Young Entrepreneurs in Central America Building a Life at Home Instead of Leaving

Thousands of people every year leave Central America for the U.S. to escape poverty and a lack of prospects. But some young entrepreneurs are demonstrating that it is possible to find a future at home.
Coffee farmer Israel Rodríguez (right) hopes that he will one day be able to build a house.

Coffee farmer Israel Rodríguez (right) hopes that he will one day be able to build a house.

Foto: E. Cálix / FAO Honduras
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María Rebeca Pérez, 25, almost left Guatemala for the U.S. several years ago. Now, she runs a farm and has seven employees.

María Rebeca Pérez, 25, almost left Guatemala for the U.S. several years ago. Now, she runs a farm and has seven employees.

Foto: FAO Guatemala
Most people in Central America work in the gray economy - without social insurance and often with inadequate pay.

Most people in Central America work in the gray economy - without social insurance and often with inadequate pay.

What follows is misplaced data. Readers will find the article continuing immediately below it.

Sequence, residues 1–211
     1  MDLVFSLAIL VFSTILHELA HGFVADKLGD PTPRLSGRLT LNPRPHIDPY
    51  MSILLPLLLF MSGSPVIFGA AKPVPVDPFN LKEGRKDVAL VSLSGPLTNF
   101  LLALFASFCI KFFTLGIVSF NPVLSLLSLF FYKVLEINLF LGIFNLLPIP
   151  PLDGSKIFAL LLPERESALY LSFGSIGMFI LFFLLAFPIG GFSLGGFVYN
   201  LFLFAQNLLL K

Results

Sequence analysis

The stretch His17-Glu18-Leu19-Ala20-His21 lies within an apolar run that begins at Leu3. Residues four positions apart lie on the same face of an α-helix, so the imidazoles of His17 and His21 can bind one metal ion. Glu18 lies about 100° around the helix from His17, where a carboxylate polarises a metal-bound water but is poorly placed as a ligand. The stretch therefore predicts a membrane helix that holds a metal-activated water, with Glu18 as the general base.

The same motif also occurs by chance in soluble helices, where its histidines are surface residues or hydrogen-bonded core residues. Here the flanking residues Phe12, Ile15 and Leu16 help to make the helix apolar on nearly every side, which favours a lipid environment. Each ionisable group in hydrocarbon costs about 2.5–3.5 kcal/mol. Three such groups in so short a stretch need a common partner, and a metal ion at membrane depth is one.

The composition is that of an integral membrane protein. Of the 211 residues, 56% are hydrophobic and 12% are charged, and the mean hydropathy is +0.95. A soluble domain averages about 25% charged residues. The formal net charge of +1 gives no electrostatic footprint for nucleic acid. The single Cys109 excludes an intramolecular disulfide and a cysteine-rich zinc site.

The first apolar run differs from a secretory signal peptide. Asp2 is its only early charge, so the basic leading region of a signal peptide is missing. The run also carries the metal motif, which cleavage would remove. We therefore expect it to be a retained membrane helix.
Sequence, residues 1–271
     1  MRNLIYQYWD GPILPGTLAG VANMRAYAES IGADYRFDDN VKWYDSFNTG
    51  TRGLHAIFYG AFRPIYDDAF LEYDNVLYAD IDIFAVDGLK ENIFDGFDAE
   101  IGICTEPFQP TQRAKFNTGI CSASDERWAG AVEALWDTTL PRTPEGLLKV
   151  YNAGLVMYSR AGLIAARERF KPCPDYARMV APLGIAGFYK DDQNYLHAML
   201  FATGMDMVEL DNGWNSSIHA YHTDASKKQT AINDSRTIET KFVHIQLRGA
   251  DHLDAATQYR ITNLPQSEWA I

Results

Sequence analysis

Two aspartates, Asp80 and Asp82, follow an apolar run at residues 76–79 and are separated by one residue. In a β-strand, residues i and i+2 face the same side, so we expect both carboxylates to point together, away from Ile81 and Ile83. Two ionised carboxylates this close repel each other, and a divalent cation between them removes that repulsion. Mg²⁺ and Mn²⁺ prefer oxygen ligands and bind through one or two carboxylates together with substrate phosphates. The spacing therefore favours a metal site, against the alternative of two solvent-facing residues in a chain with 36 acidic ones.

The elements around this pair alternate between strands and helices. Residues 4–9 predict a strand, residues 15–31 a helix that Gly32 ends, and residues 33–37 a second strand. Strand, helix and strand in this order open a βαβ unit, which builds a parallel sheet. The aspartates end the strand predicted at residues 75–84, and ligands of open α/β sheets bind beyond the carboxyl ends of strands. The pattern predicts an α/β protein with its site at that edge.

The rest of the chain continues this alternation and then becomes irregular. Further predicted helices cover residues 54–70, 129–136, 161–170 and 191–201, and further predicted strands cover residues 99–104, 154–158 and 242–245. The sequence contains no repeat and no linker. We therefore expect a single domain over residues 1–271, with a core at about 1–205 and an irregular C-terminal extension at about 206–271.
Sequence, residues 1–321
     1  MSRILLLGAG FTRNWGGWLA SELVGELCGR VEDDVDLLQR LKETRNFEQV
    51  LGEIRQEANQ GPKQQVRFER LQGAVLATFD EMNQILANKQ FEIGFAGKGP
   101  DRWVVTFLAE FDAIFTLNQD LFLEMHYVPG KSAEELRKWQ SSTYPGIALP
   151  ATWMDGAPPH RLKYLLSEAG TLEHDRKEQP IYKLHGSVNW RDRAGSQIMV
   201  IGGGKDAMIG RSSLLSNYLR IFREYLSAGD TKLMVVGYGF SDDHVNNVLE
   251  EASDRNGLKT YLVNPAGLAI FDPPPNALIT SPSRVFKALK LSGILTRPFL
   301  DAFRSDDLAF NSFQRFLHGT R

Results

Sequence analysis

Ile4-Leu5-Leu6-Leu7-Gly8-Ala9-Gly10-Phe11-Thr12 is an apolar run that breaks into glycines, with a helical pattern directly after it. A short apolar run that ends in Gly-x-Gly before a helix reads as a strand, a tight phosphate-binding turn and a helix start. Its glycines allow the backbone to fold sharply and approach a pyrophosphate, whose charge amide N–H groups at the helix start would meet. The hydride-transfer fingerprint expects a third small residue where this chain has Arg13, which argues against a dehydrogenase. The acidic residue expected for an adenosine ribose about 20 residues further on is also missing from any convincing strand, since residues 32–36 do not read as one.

Foto: Oswaldo Rivas / REUTERS
Coffee farmer Israel Rodríguez

Coffee farmer Israel Rodríguez

Foto: E. Cálix / FAO Honduras
A lot of coffee is grown in Guatemala, but there is a big difference between standard coffee and specialty coffees.

A lot of coffee is grown in Guatemala, but there is a big difference between standard coffee and specialty coffees.

Foto: Luis Soto / AP
María Cedillo Chávez, 22, hopes to become known as a coffee expert.

María Cedillo Chávez, 22, hopes to become known as a coffee expert.

Foto: FAO Guatemala
Vocational training and local networks can help small farmers escape poverty.

Vocational training and local networks can help small farmers escape poverty.

Foto: E. Cálix / FAO Honduras

This piece is part of the Global Societies series. The project runs for three years and is funded by the Bill & Melinda Gates Foundation.

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